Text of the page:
Monday, November 03, 2008

Mojave, part two - the revenge

I have been using Windows Mojave for over a month now so I have decided to post some more thoughts.

Wireless networking, well, networking in general, is annoying at times. Compared to Windows XP, Mojave looks like it tries to do too much to make wireless networking dumb-ass proof. I usually end up doing a reboot after switching wireless networks because when I undock (from a wired connection) the wireless connection at work picks up if I’m lucky or when I get home the connection is strong but doesn’t always connect or connects for a moment or two then disconnects. It might be Dell because I’ve never had a problem with an IBM laptop.

Most of the problems with Windows Mojave have been with non Microsoft software. Symantec has an issue with correctly going into sleep mode, causing the battery to drain completely when you least expect it. Oracle’s Developer Tools for Visual Studio do not work out of the box. Then again, if Visual Studio was a 64 bit application, things might be different. Video and audio CODEC support in 64 bit mode is provided by someone outside of Microsoft and Media Player 32-bit is the default player, not the 64-bit one.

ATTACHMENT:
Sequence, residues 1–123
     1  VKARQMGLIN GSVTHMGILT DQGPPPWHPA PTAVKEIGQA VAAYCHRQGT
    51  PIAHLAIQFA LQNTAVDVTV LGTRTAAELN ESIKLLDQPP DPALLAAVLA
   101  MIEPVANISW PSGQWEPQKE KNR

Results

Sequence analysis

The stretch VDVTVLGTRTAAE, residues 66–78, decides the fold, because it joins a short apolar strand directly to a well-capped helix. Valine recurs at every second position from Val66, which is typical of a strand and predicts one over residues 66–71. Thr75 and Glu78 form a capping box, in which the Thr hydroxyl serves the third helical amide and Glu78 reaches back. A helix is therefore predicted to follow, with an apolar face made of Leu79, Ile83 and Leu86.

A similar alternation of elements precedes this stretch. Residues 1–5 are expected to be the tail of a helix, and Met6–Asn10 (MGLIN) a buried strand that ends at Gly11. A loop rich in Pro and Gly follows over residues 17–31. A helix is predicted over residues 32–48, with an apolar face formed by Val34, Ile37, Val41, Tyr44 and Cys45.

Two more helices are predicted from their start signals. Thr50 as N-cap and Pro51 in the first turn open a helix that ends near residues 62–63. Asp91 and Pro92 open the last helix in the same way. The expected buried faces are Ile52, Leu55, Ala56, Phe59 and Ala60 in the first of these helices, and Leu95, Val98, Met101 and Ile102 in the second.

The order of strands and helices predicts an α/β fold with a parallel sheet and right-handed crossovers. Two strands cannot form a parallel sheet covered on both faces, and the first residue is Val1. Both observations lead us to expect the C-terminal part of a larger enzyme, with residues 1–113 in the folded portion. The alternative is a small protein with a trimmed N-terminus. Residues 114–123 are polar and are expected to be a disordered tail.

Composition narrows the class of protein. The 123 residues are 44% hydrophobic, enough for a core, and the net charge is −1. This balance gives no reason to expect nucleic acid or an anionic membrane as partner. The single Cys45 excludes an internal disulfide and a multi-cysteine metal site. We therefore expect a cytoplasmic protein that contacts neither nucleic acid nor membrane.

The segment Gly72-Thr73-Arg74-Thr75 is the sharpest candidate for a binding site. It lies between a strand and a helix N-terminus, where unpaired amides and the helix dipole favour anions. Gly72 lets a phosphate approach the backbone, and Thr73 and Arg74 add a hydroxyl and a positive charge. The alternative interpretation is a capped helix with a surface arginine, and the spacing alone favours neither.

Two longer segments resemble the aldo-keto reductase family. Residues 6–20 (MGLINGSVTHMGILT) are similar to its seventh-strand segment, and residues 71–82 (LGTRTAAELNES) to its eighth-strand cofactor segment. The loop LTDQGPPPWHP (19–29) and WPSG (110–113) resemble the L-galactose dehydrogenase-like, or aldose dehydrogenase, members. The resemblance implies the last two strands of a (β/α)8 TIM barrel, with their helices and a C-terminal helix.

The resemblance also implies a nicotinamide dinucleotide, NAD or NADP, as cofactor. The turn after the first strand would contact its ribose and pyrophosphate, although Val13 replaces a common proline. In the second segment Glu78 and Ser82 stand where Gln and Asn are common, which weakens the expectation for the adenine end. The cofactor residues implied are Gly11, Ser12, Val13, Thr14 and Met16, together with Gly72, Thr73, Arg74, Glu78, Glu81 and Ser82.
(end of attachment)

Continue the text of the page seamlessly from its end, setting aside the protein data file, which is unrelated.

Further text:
I think what annoys me the most about Mojave is that it just isn’t necessary. I was reading a magazine in the can the other day and one guy was suggesting that businesses start adopting Mojave because people are going to be wanting widgets for the side-bar. Really? That’s why I should upgrade hardware and operating systems, because people will be wanting sidebar widgets. How about some freakin’ software that works? How about 64 bit versions of some software? It has been how many years since 64 bit on the desktop was a reality? Some programs are not Mojave capable. How hard is it to make a program Mojave compatible? Some programs only work when run as administrator; why would a semi-thin client require administrator rights to work? Stupid.

My current impression of Mojave hasn’t changed much. It is a nice looking operating system and there are some things in the start menu that I like (like how you can type in the name of a program or control panel setting and it will filter the lists immediately for you, helps when you don’t have a mouse). Then again, everything I can do for this blog, my stories, and work can be done in Windows XP on a machine with a fourth the horsepower.

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